And no afternoon Greyhound Racing!
Over 20,000 acres of corn was destroyed by the cold.
That said, I personally experienced the winter of 1963 as a schoolgirl in the days before 1. Tights, and 2. Trousers were permitted to be worn.
I walked to school.
3.5 miles each way.
I thought my knees would never stop chapping and warm up!
Anna Kerrigan, nearly twelve years old, accompanies her father to the house of a man who, she gleans, is crucial to the survival of her father and her family. Anna observes the uniformed servants, the lavishing of toys on the children, and some secret pact between her father and Dexter Styles.
Years later, her father has disappeared and the country is at war. Anna works at the Brooklyn Navy Yard, where women are allowed to hold jobs that had always belonged to men. She becomes the first female diver, the most dangerous and exclusive of occupations, repairing the ships that will help America win the war. She is the sole provider for her mother, a farm girl who had a brief and glamorous career as a Ziegfield folly, and her lovely, severely disabled sister. At a night club, she chances to meet Styles, the man she visited with her father before he vanished, and she begins to understand the complexity of her father's life, the reasons he might have been murdered.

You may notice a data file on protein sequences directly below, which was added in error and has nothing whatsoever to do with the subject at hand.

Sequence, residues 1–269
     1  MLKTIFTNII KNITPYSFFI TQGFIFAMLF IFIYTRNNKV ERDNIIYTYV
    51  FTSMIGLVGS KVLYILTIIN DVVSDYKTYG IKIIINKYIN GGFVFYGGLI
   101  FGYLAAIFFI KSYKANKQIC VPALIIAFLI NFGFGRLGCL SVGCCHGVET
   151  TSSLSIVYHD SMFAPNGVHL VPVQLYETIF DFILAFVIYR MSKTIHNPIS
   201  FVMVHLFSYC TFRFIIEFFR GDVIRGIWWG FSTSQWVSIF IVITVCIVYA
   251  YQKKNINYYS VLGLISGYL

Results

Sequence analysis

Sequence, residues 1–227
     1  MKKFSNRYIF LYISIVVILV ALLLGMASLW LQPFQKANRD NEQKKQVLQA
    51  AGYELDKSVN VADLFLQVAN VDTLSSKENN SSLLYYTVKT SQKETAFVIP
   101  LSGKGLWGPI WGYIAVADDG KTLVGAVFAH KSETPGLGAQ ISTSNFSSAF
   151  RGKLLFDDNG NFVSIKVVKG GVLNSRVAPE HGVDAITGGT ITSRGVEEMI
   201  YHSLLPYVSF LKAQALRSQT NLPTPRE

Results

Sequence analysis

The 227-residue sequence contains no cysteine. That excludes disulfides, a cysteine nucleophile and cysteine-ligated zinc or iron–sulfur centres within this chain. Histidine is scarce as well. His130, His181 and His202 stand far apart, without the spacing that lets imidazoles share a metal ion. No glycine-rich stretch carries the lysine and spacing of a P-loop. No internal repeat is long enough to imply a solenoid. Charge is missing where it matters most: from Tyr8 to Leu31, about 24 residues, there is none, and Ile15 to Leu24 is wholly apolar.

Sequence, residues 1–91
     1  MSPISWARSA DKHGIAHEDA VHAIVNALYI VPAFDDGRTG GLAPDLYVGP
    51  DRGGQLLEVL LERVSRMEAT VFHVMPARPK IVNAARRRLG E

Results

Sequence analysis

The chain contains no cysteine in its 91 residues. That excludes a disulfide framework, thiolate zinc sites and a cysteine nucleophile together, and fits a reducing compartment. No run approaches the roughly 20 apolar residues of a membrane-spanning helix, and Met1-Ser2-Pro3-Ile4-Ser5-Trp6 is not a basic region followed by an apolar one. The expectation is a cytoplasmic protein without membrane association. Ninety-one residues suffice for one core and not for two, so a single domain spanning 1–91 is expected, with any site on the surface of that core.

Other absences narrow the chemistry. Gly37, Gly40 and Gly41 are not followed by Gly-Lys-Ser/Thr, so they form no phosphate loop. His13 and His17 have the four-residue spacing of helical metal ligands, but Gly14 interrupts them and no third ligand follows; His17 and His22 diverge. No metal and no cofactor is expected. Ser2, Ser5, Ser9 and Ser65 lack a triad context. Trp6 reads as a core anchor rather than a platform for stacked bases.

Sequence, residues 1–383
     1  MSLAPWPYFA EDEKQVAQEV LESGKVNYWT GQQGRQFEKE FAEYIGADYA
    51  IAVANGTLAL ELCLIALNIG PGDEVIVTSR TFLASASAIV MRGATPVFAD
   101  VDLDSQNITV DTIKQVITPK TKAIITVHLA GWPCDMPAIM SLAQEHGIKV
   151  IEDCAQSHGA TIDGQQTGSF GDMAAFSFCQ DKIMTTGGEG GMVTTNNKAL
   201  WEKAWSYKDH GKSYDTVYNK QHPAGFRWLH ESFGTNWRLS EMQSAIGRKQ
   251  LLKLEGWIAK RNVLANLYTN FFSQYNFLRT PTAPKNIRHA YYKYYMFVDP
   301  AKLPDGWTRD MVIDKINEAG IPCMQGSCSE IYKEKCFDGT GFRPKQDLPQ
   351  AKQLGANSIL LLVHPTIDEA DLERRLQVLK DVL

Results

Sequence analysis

Mesmerizing, hauntingly beautiful, with the pace and atmosphere of a noir thriller and a wealth of detail about organized crime, the merchant marine and the clash of classes in New York, Egan's first historical novel is a masterpiece, a deft, startling, intimate exploration of a transformative moment in the lives of women and men, America and the world. Manhattan Beach is a magnificent novel by one of the greatest writers of our time.
Whilst I have read the entire book it has not been a story that has gripped me and made me want to complete it in one sitting.